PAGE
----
From our blog

How healthy teeth affect your overall health

Having a beautiful smile can be a massive confidence boost, and go a long way towards giving a positive first impression. However, the state of your teeth is also important for your overall health, and has been linked to many general health problems.

One problem you might not associate dental health with is memory loss. Having bad teeth can lead to gingivitis, a gum disease which causes extensive swelling and bleeding.

Research published in the Journal of Neurology, Neurosurgery & Psychiatry suggests adults affected by gingivitis perform significantly worse on a range of cognitive tests, including memory tests. Using antibacterial mouthwash or toothpaste can help reduce bacteria caused by gingivitis.

According to the NHS, gum disease has also been associated with cardiovascular problems like heart disease and strokes. While experts stop short of drawing a direct link between the two, many suggest that maintaining good oral health can help protect general health, and reduce the risk of cardiovascular problems more particularly.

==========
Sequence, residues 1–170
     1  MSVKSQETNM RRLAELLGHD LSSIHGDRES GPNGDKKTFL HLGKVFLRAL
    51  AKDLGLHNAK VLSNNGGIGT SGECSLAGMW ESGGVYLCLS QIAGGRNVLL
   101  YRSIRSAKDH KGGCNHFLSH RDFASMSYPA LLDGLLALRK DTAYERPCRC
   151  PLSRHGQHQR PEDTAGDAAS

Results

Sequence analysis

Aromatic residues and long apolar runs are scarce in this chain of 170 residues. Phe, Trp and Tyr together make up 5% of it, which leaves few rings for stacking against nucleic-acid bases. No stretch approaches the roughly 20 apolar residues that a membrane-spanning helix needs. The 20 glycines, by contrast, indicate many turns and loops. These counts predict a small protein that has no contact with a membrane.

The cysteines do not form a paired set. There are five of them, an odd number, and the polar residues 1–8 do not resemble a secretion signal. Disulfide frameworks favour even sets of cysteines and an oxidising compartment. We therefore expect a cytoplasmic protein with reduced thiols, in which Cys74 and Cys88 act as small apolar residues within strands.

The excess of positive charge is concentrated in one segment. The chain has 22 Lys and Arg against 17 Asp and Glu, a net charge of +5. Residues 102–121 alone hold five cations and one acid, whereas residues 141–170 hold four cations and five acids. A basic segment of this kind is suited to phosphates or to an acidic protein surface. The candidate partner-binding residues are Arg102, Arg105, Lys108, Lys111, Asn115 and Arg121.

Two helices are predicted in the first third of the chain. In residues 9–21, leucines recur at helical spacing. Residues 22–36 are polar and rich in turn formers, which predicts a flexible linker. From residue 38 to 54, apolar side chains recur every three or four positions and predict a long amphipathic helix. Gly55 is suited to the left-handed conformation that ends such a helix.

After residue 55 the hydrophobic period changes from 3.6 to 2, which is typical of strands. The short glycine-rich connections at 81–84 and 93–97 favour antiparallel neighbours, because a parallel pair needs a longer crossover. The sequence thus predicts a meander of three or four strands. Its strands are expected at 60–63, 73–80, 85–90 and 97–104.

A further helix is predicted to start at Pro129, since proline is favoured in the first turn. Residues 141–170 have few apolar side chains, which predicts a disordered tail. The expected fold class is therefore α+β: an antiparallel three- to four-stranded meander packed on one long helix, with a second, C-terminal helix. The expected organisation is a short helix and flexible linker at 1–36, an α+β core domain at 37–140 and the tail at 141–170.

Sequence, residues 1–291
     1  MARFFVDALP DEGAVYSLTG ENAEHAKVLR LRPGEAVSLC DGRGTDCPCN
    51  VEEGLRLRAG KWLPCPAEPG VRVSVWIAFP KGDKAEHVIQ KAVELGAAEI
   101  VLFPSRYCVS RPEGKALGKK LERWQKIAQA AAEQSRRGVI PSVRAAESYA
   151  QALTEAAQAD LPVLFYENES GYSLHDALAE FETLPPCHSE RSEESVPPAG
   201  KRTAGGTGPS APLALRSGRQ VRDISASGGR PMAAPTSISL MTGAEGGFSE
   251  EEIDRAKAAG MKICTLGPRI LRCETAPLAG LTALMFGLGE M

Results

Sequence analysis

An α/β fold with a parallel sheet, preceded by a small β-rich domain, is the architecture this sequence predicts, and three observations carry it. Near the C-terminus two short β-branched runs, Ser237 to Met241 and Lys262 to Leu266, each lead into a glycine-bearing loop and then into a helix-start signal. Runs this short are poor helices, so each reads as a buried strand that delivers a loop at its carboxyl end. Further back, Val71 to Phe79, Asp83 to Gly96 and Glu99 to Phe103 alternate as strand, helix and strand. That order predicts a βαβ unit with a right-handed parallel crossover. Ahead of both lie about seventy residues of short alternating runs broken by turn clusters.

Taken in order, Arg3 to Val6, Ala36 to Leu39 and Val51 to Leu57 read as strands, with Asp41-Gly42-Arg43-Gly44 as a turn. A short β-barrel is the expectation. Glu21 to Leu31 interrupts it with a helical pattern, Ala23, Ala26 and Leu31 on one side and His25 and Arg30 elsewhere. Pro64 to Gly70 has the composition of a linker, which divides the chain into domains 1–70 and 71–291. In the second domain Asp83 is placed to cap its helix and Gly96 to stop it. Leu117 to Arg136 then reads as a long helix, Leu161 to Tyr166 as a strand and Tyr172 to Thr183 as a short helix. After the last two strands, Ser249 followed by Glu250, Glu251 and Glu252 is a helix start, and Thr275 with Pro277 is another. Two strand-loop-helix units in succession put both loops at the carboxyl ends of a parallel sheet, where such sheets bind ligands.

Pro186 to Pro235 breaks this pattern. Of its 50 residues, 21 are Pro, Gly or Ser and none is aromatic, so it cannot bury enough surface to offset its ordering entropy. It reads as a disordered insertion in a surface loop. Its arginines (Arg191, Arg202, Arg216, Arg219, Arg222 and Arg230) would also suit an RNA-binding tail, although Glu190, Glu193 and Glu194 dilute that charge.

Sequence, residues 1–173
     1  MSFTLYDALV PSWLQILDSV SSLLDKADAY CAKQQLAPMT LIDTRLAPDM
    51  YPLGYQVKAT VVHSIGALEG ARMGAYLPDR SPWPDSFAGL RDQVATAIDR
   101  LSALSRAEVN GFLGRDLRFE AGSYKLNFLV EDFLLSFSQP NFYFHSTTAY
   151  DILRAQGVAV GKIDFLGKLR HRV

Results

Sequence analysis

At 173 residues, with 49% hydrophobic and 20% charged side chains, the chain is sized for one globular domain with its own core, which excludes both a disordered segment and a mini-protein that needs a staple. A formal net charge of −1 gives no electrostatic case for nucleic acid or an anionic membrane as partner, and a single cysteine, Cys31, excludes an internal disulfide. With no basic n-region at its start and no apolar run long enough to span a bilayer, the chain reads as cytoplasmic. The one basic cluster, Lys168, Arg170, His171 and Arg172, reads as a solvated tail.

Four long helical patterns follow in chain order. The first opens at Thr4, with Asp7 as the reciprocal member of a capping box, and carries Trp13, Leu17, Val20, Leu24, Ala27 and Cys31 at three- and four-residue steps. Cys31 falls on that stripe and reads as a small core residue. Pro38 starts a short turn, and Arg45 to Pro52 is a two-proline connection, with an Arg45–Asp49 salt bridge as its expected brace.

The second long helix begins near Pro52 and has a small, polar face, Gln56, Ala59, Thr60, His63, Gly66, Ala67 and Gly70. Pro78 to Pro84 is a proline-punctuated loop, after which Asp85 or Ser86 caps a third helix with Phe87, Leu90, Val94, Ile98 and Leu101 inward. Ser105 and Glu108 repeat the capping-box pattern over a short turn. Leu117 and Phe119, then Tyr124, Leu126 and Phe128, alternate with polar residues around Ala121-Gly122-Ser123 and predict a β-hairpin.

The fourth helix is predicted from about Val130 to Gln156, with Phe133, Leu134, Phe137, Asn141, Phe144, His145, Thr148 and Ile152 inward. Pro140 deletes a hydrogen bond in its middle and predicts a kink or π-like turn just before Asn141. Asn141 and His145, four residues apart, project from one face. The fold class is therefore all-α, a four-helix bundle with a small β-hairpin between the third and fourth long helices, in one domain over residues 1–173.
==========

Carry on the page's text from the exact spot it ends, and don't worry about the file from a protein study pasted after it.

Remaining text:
Maintaining good oral health is also strongly recommended for pregnant women. Hormonal changes in pregnant women mean periodontal diseases can become more prominent than for regular patients. In addition, there is evidence to suggest a link between gum disease in pregnancy, low birth weight and pre-term labour.

Whilst not all studies find a substantial link, it is recommended women take extra care during pregnancy and regularly visit their dentist.

Finally, there is a correlation between oral health and diabetes. Since diabetes is caused by uncontrolled blood sugar levels, which in excess can damage your teeth, it’s little surprise. Hence, if you’re diabetic you are more likely to develop severe gum problems, and vice versa – being diabetic can make you less able to fight off infections like gum disease.

Reducing your risk of gingivitis by protecting your oral health may help with blood sugar control if you have been diagnosed with diabetes.

Like other body areas, your mouth is full of (mostly harmless) bacteria. In order to keep good teeth, you should ensure you brush and floss your teeth regularly, and adopt a balanced diet. Make sure you schedule regular checkups with your dentist, too.

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